Reminded of the millions sold by “Every Rose Has Its Thorn,” Poison released the Sensitive Ballad “Something to Believe In Next.” It hit #4, and although MTV watchers would be fooled into thinking “Ride the Wind” was massive it sputtered at #38, their worst performance since 1987. They would find nuthin’ but a hard time after The Nirvana Effect gave radio programmers and A&R man a convenient reason to stop playing music that had long since stopped getting them laid. Give Poison this: if Candlebox had released their own “Unskinny Bop” we might’ve laughed with them.

Singles 4/27

From Korean group Twice to Janelle Monae, the artists below could hide neither their ebullience nor a determination to explain themselves, garishly, intensely, or sketchily, as the case requires.

Click on links for full reviews.

Twice – What Is Love? (8)
Blue October – I Hope You’re Happy (7)
Janelle Monáe ft. Grimes – Pynk (7)
Nicki Minaj – Barbie Tingz (6)
Florence + The Machine – Sky Full of Song (6)
lovelytheband – Broken (5)
The Weeknd – Call Out My Name (5)
Kenny Chesney – Get Along (4)
Famous Dex – Japan (4)
Dennis Lloyd – Nevermind (3)
Migos ft. Drake – Walk It Talk It (3)
Zayn – Let Me (3)

My favorite debut albums

I realize country is woefully underrepresented, in part thanks to the singles-plus-filler that dominate the genre.

1. Pretenders – Pretenders
2. Guns ‘N Roses – Appetite for Destruction
3. Change – The Glow of Love
4. Saint Etienne – Foxbase Alpha
5. The Beatles – Please Please Me
6. The Notorious B.I.G. – Ready to Die
7. Television – Marquee Moon
8. Dwight Yoakam – Guitars, Cadillacs, Etc., Etc.
9. Miranda Lambert – Kerosene
10. Kehlani – SweetSexySavage
11. Steely Dan – Can’t Buy a Thrill
12. Madonna – Madonna
14. Missy Elliott – Supa Dupa Fly
15. Wu-Tang – Enter the Wu-Tang (36 Chambers)
16. Elastica – Elastica
17. Erykah Badu – Baduizm
18. D’Angelo – Brown Sugar
19. Bill Withers – Just As I Am
20. Raekwon – Only Built 4 Cuban Linx…
21. Velvet Underground & Nico – Velvet Underground & Nico
22. New York Dolls – New York Dolls
23. Luther Vandross – Never Too Much
24. Ice Cube – AmeriKKKa’s Most Wanted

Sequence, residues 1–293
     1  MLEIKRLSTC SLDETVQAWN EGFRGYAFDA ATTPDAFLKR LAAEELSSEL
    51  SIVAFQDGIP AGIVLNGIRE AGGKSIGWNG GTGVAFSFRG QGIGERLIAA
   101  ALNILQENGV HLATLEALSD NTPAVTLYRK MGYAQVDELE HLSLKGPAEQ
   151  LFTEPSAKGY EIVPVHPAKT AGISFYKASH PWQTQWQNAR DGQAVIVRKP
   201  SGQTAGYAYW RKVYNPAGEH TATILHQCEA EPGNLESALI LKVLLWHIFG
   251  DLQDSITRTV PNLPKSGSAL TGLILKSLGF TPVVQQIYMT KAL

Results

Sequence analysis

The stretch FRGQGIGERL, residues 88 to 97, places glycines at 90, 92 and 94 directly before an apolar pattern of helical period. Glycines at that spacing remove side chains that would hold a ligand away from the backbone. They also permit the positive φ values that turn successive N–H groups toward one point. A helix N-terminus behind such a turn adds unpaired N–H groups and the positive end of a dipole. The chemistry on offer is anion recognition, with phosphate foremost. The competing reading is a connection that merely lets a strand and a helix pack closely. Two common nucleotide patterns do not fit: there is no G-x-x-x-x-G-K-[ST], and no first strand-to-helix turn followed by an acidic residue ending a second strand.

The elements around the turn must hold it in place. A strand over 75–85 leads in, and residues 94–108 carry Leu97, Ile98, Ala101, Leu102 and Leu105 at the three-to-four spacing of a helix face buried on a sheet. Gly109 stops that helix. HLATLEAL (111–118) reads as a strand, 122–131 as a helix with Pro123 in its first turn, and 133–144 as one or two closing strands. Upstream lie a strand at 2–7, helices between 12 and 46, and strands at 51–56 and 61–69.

25. Nas – Illmatic
26. Jay-Z – Reasonable Doubt
27. Joy Division – Unknown Pleasures
28. Dizzee Rascal – Boy in da Corner
29. M.I.A. – Arular
30. ABC – The Lexicon of Love
31. The Feelies – Crazy Rhythms
32. R.E.M. – Murmur
33. The Clash – The Clash
34. Wire – Pink Flag
35. Roxy Music – Roxy Music
36. Vince Staples – Summertime ’06
37. Sky Ferreira – Night Time, My Time
38. Brian Eno – Here Come the Warm Jets
39. Big & Rich – Horse of a Different Color
40. Funkadelic – Funkadelic

‘Zama’ takes cool approach to obsession

Whether John Boorman, Terrence Malick, or Werner Herzog is behind the camera, films about European contact with indigenous peoples tend to abjure a hard narrative line in favor of a imagistic collage that often gets “hallucinatory” slapped on it like a sell-by sticker. It’s as if the concatenation of history, myth, and the director’s personal obsessions demand nothing else. Zama is more imagistic and narrative-wary than the competition, but it’s not obsessive. Argentine director Lucrecia Martel (The Holy Girl, La Ciénaga), returning to film nine years after the extraordinary The Headless Woman, depicts the frustrations of a mid-level administrator in a colonial backwater in modern-day Paraguay, awaiting the royal letter approving a transfer. Zama will be a tough sell: a fictional film about frustration whose rhythm is circuitous, its developments oblique.

When the film opens, our helpless functionary Don Diego de Zama (Daniel Giménez Cacho) fills the frame as he stares out to sea; in the background native children play. By the time Zama ends the scene will play as irony, for it’s the natives who loom in the imagination of Don Diego and who exact a price for the banal humiliations of Spanish rule. Martel makes this clear in the next sequence: the interrogation of a prisoner for unspoken crimes. But will he be tortured into confessing? Don Diego says no. The absence of soul-searching — Don Diego could’ve been asked if he wanted sugar in his cafe — and the obliqueness with which Martel and editors Miguel Schverdfinger and Karen Harley shape the sequence smudge the question of responsibility. Instead, the prisoner offers a proverb of sorts about a fish “fighting water that seeks to cast it upon dry land.” Appropriate — Don Diego’s impasse is sexual too. Although he flirts with the married Luciana (Pedro Almodóvar regular Lola Dueñas), her response is akin to a member of the royal court patronizing a bureaucrat. Certainly Luciana lives in the grand manner: Martel’s camera coolly notes the black servants unceasingly fanning the thick humid air.